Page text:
Clubbing TV Director Stéphane Schweitzer talks to us about the state of the Dance Industry and livestreams

Published on December 13, 2020

The entertainment industry is struggling right now due to the relentless COVID-19 pandemic, particularly the live music and clubbing sectors. We have seen some innovative adaptations in the world of entertainment with platforms becoming more dedicated to live streams. We had the opportunity to talk to Stéphane Schweitzer, the Director of the Dance Music dedicated streaming platform, Clubbing TV, about the state of the industry and took a look at the “new normal.”

Clubbing TV has the honor of being the first channel dedicated to clubbing and Dance Music, broadcasting over 1500 hours of clubbing streams since its launch ten years ago. In the face of the pandemic, the pioneering platform launched, a minimalistic, interactive streaming service dedicated to live streams. The new platform allows Clubbing TV’s international following to interact with each other via chat during the live streams, creating a community experience at a time when we need it most. looks to tackle the copyright issues DJs faced with on the typical social media platforms, something that “restrains DJs, meaning they often perform DJ sets for their followers but get cut off if they don’t own the music right of the tracks they play. This muted the voice of the artists who are not still not allowed to play in a club, a bar or a festival for sanitary reasons, and now, even online for copyright reasons.”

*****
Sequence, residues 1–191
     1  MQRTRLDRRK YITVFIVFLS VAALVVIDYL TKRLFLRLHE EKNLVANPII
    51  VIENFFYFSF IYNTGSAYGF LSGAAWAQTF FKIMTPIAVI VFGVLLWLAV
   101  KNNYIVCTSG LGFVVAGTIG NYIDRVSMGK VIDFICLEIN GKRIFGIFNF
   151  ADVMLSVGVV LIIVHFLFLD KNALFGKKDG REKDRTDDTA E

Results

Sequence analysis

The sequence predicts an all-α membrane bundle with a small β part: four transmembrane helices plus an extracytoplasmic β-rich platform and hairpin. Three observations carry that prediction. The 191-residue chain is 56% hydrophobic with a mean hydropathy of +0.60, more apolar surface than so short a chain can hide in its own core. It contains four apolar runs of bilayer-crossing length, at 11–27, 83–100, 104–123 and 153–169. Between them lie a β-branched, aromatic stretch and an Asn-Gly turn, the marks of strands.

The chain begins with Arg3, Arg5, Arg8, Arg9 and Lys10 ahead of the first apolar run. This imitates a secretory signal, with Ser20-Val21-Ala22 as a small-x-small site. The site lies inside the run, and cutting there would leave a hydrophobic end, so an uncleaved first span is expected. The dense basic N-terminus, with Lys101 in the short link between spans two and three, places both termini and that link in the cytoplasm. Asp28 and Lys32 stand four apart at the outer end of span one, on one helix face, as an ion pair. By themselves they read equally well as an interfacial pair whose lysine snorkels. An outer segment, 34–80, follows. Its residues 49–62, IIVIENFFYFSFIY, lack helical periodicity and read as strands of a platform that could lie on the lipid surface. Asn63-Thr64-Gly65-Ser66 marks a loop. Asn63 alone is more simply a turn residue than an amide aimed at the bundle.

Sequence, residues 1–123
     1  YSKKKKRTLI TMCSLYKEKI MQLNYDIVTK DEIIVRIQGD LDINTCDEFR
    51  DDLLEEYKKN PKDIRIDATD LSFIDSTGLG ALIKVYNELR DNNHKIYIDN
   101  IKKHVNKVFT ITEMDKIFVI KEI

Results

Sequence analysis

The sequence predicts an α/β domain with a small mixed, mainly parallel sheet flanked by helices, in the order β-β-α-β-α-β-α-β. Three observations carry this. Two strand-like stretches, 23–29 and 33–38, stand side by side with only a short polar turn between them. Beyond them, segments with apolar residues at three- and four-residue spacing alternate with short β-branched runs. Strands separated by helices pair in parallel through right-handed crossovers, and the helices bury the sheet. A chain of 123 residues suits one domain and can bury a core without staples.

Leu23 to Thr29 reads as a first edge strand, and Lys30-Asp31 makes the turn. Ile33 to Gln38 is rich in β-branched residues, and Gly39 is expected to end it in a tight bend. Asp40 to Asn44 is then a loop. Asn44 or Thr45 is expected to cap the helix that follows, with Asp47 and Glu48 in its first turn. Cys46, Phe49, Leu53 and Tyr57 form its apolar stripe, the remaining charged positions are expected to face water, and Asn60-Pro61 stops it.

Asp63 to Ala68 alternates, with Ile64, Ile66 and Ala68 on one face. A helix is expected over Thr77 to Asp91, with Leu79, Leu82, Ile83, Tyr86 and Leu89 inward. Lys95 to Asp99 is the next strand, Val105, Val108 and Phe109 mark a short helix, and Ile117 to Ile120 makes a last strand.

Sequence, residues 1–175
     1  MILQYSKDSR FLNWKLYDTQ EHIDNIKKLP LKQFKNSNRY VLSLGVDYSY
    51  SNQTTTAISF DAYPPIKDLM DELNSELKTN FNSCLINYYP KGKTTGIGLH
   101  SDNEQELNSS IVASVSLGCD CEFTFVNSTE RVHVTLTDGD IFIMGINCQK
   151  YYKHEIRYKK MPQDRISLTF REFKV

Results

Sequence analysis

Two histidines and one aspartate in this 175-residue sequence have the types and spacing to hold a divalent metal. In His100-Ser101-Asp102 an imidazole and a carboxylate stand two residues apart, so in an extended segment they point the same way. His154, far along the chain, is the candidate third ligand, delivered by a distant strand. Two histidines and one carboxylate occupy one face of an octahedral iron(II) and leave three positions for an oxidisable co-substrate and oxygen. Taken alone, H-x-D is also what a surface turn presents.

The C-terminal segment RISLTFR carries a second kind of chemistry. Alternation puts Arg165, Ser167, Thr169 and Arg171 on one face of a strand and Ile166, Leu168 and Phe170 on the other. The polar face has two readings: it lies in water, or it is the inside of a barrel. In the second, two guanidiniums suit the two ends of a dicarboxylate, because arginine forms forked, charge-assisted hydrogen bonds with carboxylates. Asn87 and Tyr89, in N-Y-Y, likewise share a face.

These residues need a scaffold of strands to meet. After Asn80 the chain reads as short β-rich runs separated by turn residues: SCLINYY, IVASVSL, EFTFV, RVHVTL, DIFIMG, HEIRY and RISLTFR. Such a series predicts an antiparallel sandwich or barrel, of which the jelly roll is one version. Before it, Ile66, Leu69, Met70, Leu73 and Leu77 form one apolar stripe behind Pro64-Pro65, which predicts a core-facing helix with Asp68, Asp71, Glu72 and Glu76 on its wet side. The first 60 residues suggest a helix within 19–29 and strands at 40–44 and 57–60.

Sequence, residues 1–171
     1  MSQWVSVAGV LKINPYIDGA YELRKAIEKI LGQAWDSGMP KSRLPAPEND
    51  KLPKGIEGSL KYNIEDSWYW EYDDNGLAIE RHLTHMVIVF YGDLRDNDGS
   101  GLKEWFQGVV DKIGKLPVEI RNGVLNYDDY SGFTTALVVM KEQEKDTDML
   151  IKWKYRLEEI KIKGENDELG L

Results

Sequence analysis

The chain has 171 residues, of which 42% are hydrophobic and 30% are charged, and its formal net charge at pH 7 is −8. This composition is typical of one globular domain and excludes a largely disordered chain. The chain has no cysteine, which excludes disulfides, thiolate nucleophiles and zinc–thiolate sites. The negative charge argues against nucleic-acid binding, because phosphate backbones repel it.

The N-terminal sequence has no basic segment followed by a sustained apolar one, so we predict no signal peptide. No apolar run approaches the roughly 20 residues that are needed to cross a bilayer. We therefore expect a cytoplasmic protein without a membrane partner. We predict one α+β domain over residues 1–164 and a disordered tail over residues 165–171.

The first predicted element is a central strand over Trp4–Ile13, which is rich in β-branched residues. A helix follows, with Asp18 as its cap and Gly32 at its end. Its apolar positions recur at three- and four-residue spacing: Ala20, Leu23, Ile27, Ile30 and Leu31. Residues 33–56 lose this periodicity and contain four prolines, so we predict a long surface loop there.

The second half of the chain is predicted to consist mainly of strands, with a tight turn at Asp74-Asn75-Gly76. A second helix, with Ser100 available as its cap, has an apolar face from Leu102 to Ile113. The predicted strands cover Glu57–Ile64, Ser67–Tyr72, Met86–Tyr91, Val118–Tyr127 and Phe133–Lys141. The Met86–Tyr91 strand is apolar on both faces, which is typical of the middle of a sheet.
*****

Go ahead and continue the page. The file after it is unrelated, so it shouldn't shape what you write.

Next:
Check out their new platform and get an insider’s perspective on the future of Dance Music in our interview with Schweitzer below!

clubbing tv

Grit Daily: The clubbing world is struggling right now, how do you think the industry is going to handle the resurgence of the virus? 

Stéphane Schweitzer: It will be very hard for most of the industry, especially the clubs, promoters, talents, managers, bookers and technicians, they are hit harder than anyone else, but let’s look at the bright side of things, we have many vaccination programs getting ready for Q1_2020, even earlier in the UK, this is the light at the end of our tunnel and we have a fresh start, an opportunity to make our industry fairer to all the players and the actors of the industry, I hope it will happen. But for sure I’m certain that our industry will be more creative than ever! Look at what happened during the lockdowns, for example, I was really impressed by the virtual environments which were created during the lockdown for people to enjoy live streamings differently, in a more immersive way. Or the live streaming in-game environments, this is really a new era and it’s just a small example, our industry and its talents are very creative, this is our strength and it only grew stronger during the pandemic. 

GD: What are your thoughts on the virtual music festivals taking place in video game lobbies?